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Editor's Note



It’s that time of the year, where had we been on campus, we would be looking forward to the end of minors and the start of Rendezvous. But here we are. This lockdown has forced even the most unreserved among us to be holed up at home, but weirdly enough, we’ve all still managed to hold on to some bits of IIT Delhi. We’ve studied together, cast votes, and even graduated. Our administration has conducted exams, ceremonies, and even an entire internship phase, all while everyone was at home. Would anyone have thought this possible? Probably not. Just as the students, the professors, and the admin have upheld their job, so must we. Our first Inquirer, as a new team, was ideated online, with tens of zoom interviews and design finalisation voice calls. Many of us have never talked or even seen each other on campus before. But just as much as the joy of late-night ex-hall meetings has eluded us, we’ve cherished every discussion even more. With every day that passes without knowing when we’ll be able to return, the strength in knowing we’re all in this together only gets stronger. And with that, let’s begin.

The present edition of Inquirer is our attempt at examining the knots in the thread that connects the students with the administration, and by extension, with the institute as a whole. Our cover story is centred around the upheaval that almost every sophomore and graduating student is faced with in their internship and placement seasons. ‘OCS and the Allegations’ aims to show a twin perspective, diving deep into issues of the OCS that have plagued the student body, and countering some of them by reflecting on the responsibilities and inner workings of the OCS.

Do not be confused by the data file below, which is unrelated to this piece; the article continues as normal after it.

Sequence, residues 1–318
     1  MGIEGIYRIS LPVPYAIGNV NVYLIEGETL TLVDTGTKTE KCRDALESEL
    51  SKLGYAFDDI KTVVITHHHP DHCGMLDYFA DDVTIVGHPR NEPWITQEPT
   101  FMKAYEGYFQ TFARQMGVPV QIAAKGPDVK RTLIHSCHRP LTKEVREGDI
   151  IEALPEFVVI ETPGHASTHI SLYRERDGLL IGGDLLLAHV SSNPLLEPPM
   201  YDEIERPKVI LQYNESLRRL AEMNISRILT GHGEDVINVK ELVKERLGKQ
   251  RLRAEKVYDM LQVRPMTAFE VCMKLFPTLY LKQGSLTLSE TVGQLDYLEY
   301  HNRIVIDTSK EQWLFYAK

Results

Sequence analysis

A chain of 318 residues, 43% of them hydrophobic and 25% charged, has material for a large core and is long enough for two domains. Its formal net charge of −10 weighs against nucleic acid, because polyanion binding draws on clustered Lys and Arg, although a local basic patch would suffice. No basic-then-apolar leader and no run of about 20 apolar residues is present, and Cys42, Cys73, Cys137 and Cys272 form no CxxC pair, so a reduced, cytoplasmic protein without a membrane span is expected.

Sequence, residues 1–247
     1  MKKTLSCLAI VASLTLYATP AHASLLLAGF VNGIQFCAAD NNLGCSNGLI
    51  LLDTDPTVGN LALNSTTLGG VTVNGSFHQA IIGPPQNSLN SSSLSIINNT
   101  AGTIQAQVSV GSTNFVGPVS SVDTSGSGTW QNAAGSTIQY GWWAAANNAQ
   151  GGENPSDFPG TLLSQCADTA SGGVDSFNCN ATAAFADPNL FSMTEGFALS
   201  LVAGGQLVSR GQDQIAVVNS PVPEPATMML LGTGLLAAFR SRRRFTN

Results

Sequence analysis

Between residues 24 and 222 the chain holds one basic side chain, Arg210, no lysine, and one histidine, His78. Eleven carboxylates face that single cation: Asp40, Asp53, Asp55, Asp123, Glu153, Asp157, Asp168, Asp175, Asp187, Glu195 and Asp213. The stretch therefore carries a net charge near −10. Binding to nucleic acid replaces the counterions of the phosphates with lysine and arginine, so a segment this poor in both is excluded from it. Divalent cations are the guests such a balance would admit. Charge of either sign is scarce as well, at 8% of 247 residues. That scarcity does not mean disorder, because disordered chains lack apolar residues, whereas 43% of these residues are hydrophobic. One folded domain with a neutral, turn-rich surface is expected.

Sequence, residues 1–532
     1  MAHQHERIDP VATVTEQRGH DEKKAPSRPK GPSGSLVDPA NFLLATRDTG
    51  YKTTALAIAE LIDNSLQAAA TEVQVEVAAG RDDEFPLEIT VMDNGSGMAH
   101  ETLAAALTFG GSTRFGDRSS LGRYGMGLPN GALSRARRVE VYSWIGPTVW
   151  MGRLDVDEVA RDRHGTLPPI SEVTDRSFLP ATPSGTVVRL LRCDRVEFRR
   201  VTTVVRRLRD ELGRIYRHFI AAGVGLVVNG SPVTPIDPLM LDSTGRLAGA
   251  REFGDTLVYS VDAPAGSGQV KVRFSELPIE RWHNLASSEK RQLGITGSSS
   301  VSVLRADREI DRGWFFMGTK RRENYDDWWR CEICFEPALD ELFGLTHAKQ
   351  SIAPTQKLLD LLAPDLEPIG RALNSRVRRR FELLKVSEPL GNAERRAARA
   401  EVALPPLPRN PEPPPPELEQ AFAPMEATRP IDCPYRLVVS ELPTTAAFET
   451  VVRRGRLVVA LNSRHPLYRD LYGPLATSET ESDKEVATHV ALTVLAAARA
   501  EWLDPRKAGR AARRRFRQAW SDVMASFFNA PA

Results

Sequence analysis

The next article covers one of IIT Delhi’s most remarkable achievements this year, development of the world’s cheapest COVID-19 testing kit. We talk to the team of professors at Kusuma School who made this possible and learn about the hurdles they had to overcome. From having no access to real virus samples, worrisome transportation for assays and the economics of commercialisation, we also look at what lies ahead for the researcher entrepreneurs.

A criticism BSP has often dealt with is the lack of space for opinions and critique pieces by students. Our commitment to changing that view is unflinching, and as a starter, we bring to you two remarkably relevant opinion editorials. “An appeal to stop normalizing distress in students” by Nivida Chandra is a thorough and extensive work on the ever-fluctuating mental health conditions of the student community, and the role students and administration can play in bettering it. “The Eternal Dance”, our second opinion piece is a partly dejected-partly frustrated account of more than half of the undergraduate populace, constrained by rules that seem overarching impositions.

Inquirer is a marker of our journalistic endeavors and a reminder of our commitment to bring forth the stories that concern all or any of us. As editors, we try our level best to not give in to our confirmation biases, and pursue the story in as objective a manner as possible. Errors remain unavoidable in any case, and we would be delighted in knowing your review of our team’s work.

Warmly,

Ayesha, Maria & Raunaq


Special Thanks: Samar Sir (President) & Yash Sheth (G Sec.)


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